“Bee”-ing: Functional Horticulture
by MaryAnn Fink Pollinator Junction LIFE Exhibit/Curator Nature is the best design collaborator! Unlike me, She is able to work tirelessly! According to a most inspiring and renown sustainable architect Sim Van der Ryn, "since the "Back to Nature" movement of the 60's there has been a challenge to design "smart" rather than accept the romantic notion of living off the land." I believe we have do both live smart and give back to the land so that we can support LIFE. Isn't that really romantic? What does that mean for "sustainable" landscape design when we are clearly entering into a crisis of supporting an ever expanding human population with a dwindling pollinator population? This push to help pollinators may "bee" the moment in history when sustainable gardening truly take off and mainstreamers begin to understand what we as environmental horticulturists embrace, the future is "functional horticulture"! I always want to be a promoter of an environment that
By MaryAnn Fink LIFE Exhibit/Curator Pollinator Junction Another featured plant collection in the annual areas at the Museum of Transportation's Pollinator Junction, is Salvia. Annual salvias are some of the showiest, most deer resistant plants and are most importantly strongly favored by pollinators including hummingbirds, some butterflies and several busy bees! Salvias have many Missouri native representatives. These other family members are featured in other parts of the park but for the ever-blooming deer resistant annuals, I have choosen Blue Anise Sage, Salvia gauranitica Black and Blue, Mealycup Savia 'Victoria' which is a selection of our American native, Salvia farenacea and Scarlet Sage, Salvia coccinea. These sages are so beautiful that if I had to choose only two plant families to "bee" the foundation for the Pollinator Junction LIFE Exhibit's inventory-I think I would of course choose milkweed family (Asclepia) and salvia's family, Lamiaceae!
BEE HAPPY and Butterfly Kisses
By MaryAnn Fink / LIFE Exhibit Curator The mind's eye trickery I deal with is confusing to me even still in my silver years. What I see at the pollinary park at the Museum of Transportation is so beyond this immature reality. I thought after talking to my friend April perhaps trying to share a peek into my vision might "bee" a way to share my view of the annuals. I hope to fill the pollinator pantry's gaps with nectar and pollen and even some butterfly baby food. This is what I see as its possible future: "Bee"-cause the tall majestic Cannas offer a wind buffer and hummingbird nectar, I have congregated groupings of the new Tropicana Gold and the dark beauty, the original Tropicanna. Their beautifully striated leaves are not typically deer candy. They also have the slight potenial to return next year if its a mild enough winter ( so very cost effective potential) . Cannas can "bee"come a lovely and subtle color echo for the other neighboring annuals featured in the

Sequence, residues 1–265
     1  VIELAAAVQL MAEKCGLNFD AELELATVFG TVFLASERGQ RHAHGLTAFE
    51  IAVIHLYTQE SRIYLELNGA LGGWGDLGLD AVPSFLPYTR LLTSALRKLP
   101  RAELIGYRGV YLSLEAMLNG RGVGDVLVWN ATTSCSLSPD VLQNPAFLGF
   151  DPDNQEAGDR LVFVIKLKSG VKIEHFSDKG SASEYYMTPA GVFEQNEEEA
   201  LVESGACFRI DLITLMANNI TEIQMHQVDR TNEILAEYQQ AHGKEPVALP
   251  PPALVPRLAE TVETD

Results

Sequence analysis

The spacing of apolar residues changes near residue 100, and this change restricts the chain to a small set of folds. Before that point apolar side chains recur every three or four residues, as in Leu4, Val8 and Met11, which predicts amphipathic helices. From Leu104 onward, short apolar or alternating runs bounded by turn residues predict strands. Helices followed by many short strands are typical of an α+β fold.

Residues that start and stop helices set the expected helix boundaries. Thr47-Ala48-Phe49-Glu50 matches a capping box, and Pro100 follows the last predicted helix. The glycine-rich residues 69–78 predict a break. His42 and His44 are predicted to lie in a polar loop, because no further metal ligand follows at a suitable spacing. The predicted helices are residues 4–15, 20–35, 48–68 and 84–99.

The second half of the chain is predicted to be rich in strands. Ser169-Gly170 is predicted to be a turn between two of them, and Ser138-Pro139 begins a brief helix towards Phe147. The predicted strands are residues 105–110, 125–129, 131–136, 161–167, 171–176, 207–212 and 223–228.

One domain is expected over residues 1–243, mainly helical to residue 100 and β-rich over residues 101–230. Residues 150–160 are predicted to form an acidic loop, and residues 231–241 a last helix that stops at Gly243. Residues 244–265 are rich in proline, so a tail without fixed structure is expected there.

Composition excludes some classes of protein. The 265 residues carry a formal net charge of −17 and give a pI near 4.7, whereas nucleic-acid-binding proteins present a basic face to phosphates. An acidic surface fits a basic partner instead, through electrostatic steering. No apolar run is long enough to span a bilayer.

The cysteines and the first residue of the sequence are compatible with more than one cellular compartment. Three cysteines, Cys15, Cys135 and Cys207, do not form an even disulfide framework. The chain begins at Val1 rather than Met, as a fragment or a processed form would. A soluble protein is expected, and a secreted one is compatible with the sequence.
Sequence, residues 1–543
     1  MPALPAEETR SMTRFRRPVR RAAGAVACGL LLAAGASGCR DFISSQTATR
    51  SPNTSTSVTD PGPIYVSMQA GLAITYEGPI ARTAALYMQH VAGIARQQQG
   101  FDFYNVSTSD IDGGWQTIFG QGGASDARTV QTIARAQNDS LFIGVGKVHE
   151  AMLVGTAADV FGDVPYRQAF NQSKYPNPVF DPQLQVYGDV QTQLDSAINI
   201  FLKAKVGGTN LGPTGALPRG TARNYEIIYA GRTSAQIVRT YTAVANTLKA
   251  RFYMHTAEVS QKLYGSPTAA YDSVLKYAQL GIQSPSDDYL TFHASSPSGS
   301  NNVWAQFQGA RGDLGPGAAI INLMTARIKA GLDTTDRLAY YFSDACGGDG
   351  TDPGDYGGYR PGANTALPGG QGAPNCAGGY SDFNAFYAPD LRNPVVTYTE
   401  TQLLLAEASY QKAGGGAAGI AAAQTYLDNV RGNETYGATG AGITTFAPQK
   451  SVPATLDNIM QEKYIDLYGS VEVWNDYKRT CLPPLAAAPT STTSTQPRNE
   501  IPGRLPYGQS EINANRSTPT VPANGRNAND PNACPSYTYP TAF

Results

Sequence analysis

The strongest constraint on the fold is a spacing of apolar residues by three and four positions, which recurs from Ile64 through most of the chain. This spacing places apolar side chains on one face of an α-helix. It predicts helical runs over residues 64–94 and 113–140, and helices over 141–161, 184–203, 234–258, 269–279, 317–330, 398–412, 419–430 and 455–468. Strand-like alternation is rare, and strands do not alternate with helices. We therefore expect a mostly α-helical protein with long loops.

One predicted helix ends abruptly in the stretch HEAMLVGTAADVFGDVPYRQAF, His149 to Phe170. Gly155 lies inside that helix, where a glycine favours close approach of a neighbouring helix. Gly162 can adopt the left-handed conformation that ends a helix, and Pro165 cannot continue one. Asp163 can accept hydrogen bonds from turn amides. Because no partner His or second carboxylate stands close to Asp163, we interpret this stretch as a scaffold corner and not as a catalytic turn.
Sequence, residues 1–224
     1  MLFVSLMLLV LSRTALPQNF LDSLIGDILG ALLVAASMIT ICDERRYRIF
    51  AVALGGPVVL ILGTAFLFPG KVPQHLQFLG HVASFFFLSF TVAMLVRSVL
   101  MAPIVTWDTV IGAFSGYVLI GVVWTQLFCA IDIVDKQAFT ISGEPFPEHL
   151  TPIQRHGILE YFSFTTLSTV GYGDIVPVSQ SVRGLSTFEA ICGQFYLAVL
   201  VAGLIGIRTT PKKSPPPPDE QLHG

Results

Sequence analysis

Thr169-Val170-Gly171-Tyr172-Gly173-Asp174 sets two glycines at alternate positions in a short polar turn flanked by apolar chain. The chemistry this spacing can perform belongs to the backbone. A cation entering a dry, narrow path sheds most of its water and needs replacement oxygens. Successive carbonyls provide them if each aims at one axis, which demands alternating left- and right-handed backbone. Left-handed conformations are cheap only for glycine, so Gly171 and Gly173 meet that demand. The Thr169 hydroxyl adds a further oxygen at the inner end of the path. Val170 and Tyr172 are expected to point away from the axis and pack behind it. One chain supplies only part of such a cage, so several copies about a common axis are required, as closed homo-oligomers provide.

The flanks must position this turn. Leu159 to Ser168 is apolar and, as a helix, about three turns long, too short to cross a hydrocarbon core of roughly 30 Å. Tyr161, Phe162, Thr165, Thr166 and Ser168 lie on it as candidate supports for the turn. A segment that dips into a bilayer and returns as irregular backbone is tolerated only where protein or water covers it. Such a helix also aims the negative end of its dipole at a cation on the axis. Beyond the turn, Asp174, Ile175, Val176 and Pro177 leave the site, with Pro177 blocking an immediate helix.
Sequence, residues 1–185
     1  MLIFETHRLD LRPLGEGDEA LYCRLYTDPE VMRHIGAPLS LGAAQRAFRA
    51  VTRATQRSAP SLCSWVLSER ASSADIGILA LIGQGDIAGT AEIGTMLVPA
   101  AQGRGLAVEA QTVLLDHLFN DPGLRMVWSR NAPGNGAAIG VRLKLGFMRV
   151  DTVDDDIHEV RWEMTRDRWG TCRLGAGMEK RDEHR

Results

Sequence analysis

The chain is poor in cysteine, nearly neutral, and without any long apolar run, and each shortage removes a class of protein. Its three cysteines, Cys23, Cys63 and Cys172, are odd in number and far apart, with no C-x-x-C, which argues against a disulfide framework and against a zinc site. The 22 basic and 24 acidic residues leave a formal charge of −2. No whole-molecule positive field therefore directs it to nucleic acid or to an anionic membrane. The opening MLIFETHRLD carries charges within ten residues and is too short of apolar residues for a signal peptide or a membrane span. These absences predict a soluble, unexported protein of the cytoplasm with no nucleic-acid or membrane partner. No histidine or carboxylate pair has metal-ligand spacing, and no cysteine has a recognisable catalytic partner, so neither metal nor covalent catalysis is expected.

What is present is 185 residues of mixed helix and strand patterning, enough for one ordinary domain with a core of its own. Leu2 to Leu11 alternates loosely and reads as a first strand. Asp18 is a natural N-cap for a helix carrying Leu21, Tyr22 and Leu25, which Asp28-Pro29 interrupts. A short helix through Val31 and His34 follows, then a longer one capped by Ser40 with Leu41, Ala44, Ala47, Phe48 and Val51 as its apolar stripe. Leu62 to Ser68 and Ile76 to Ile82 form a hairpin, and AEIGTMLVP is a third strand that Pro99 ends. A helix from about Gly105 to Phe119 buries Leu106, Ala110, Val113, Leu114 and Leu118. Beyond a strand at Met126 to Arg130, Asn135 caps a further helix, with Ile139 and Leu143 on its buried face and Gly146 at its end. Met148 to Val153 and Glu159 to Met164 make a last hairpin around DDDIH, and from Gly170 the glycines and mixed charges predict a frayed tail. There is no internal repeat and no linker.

Busiest Pollinator Transporters
By MaryAnn Fink, Pollinator Junction, LIFE Exhibit Curator Who are the "primary" pollinators most likely to visit the LIFE Exhibit at Pollinator Junction Park? Let's meet them and nine groups of "primary pollinators," and their most recognizable ambassadors. Our pollinator "ambassadors" are good representatives of a group of pollinators. They are the most familiar, most efficient, most common, least aggressive, sometimes truly unique or just the easiest to recognize "pollen transporters." These pollinators are also the easiest to attract to our flowers. They need a place to eat and "bee" safe in our landscape. These all can "bee" fun to watch and welcomed part of our neighborhoods! These "pollination pros" also do most of the work of pollinating! These are our Pollinator Junction's Pollinator Pantry Ambassadors: 1) Butterflies and Skippers, the ambassadors: Monarch butterfly (Danaus plexippus) Silver-spotted Skipper ( Epargyreus clarus) 2) Nectar Moths